The Reading Rush ended nearly a week ago and I’m only just sharing my readathon wrap-up: we love procrastination. Looking back, I was pretty ambitious with my 1,900 page goal. And, despite only reading just over 300 pages in total, I have actually achieved my personal goal of getting back into reading.
For me, The Reading Rush presented the opportunity to spend a week prioritising reading, becoming part of the bookish community again, and discovering new non-fiction and fiction reads for the future. So, in that regard, I’m happy to have achieved what I set out to do.
It’s been a fun week of community challenges, discussions, and sharing recommendations. So here’s my delayed wrap-up for the 2020 Reading Rush.
We’re four days into The Reading Rush and wow have I read more words in passed these four days than I have in the past year. As expected, I have already strayed from TBR in an attempt to finish books opened before this week, and delve into ones that were calling my name. However, those books do correspond with a challenge so I’m not doing too bad.
Here’s a little catch-up on where I am with my Reading Rush progress from Monday to Wednesday. And if you’re not following me on Instagram, I recommend doing so as I am sharing my progress and activities over on my stories. While I am sharing my rating and a few thoughts on each book here, I actually plan on publishing separate mini reviews in the coming weeks.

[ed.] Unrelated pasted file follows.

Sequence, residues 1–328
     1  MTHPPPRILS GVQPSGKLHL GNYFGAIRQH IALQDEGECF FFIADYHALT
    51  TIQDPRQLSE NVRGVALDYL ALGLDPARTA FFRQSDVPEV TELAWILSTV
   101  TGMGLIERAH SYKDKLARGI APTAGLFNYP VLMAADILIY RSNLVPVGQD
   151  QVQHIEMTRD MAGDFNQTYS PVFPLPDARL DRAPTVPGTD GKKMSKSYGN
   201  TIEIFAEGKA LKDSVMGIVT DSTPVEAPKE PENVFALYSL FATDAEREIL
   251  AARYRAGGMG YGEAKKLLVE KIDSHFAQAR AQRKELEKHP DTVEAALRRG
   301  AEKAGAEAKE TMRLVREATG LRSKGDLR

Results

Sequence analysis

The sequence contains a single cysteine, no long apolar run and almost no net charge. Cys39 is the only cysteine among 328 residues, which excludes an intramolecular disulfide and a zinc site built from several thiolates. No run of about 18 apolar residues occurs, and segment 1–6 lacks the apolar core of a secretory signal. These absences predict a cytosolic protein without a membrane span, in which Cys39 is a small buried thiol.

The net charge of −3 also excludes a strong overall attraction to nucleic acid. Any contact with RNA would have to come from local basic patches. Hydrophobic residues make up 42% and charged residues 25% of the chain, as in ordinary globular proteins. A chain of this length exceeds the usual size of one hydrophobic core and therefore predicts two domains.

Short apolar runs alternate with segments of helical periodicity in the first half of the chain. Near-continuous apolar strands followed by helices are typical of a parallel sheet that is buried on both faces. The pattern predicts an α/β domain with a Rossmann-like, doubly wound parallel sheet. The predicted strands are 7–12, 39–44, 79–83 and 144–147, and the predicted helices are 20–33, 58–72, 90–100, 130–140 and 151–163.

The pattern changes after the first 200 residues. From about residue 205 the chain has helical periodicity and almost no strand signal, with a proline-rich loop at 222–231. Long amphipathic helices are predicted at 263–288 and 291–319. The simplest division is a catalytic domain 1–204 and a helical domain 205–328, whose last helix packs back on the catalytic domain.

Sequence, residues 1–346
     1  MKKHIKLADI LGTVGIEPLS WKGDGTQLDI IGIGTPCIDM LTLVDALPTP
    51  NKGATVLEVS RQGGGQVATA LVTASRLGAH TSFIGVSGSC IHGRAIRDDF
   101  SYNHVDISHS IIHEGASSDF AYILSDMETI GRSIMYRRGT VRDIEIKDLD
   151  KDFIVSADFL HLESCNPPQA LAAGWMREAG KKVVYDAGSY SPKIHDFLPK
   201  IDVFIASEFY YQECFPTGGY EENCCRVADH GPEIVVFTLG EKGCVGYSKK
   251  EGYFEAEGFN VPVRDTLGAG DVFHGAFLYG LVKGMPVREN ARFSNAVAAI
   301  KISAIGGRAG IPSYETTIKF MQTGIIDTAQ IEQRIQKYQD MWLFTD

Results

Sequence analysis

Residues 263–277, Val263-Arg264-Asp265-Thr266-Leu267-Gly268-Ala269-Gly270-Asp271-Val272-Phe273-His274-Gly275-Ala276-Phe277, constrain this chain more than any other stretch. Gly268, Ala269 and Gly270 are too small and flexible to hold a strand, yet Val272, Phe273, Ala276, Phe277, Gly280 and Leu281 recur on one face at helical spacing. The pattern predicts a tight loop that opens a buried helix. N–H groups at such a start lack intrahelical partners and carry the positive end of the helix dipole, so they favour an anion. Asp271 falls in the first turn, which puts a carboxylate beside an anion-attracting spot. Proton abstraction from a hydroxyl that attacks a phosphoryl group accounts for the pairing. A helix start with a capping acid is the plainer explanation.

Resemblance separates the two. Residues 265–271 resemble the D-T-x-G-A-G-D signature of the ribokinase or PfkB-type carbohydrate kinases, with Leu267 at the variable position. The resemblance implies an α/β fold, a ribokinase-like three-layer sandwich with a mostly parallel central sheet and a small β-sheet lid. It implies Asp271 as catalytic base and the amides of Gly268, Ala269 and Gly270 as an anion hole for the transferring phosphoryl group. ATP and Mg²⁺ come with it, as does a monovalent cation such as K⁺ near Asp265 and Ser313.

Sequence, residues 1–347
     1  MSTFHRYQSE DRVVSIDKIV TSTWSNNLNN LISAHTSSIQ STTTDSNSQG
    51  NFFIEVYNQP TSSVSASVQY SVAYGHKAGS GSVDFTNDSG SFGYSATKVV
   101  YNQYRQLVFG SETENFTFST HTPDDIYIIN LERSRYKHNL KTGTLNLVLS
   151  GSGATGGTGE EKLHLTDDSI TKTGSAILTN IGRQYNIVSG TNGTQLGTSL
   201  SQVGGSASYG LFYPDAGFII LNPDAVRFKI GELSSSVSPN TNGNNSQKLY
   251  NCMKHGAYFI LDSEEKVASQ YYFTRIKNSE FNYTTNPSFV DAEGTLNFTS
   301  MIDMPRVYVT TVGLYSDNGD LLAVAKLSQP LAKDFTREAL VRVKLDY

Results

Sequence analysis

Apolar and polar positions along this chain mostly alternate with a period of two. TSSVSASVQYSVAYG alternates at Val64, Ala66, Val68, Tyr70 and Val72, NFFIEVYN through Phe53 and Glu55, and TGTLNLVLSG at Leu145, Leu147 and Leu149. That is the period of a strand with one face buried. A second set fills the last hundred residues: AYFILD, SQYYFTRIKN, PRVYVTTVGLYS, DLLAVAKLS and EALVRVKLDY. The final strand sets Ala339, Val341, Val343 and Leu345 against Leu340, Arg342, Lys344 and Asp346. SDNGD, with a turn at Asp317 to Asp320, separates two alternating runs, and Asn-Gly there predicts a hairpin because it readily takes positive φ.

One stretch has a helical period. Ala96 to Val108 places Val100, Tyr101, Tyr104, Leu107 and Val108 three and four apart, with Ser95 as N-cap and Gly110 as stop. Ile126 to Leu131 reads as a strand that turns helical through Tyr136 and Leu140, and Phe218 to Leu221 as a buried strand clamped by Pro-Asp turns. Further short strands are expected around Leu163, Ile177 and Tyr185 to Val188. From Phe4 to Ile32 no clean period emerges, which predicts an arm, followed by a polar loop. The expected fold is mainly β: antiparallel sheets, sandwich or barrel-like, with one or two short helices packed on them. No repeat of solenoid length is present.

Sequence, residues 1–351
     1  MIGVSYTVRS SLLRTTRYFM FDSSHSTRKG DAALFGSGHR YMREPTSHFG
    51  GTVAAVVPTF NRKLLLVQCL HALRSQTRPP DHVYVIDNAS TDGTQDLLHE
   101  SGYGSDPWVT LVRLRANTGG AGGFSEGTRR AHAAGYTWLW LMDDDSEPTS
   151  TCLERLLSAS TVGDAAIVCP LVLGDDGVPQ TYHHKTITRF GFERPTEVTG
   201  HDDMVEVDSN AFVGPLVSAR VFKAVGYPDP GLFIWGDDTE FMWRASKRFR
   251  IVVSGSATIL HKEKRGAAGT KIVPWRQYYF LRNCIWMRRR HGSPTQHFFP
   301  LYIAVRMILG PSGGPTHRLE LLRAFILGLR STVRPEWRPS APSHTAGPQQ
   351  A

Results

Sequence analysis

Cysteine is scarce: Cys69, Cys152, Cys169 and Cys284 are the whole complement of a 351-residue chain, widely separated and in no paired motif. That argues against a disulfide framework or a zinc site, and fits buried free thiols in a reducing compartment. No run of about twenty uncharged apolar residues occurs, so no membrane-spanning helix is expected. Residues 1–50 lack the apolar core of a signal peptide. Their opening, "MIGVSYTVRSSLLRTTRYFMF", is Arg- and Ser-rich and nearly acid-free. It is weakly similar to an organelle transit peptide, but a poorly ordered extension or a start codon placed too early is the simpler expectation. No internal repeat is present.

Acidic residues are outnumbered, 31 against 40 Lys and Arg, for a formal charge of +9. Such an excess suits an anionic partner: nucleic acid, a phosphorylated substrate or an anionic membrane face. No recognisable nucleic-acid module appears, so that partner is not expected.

This Monday marks the beginning of The Reading Rush, a week full of challenges, community, and the opportunity to tick 7 books off your TBR Pile. This week-long readathon is open to everyone and will be the first readathon I have taken part in for about 3 years.
It’s been a while since I was a wee little book blogger caught up in the world of YA literature. But now, I’m older, have a degree in Literature and Creative Writing, and my tastes have definitely changed (well, a little). So, without further ado, here’s my TBR for The Reading Rush!
For this readathon there’s 7 prompts to help you decide what to read. And, with some of these, they can be interpreted in different ways so that you can tailor the experience to suit the books that are actually on your shelves and the location you’re in (this’ll make more sense down the line).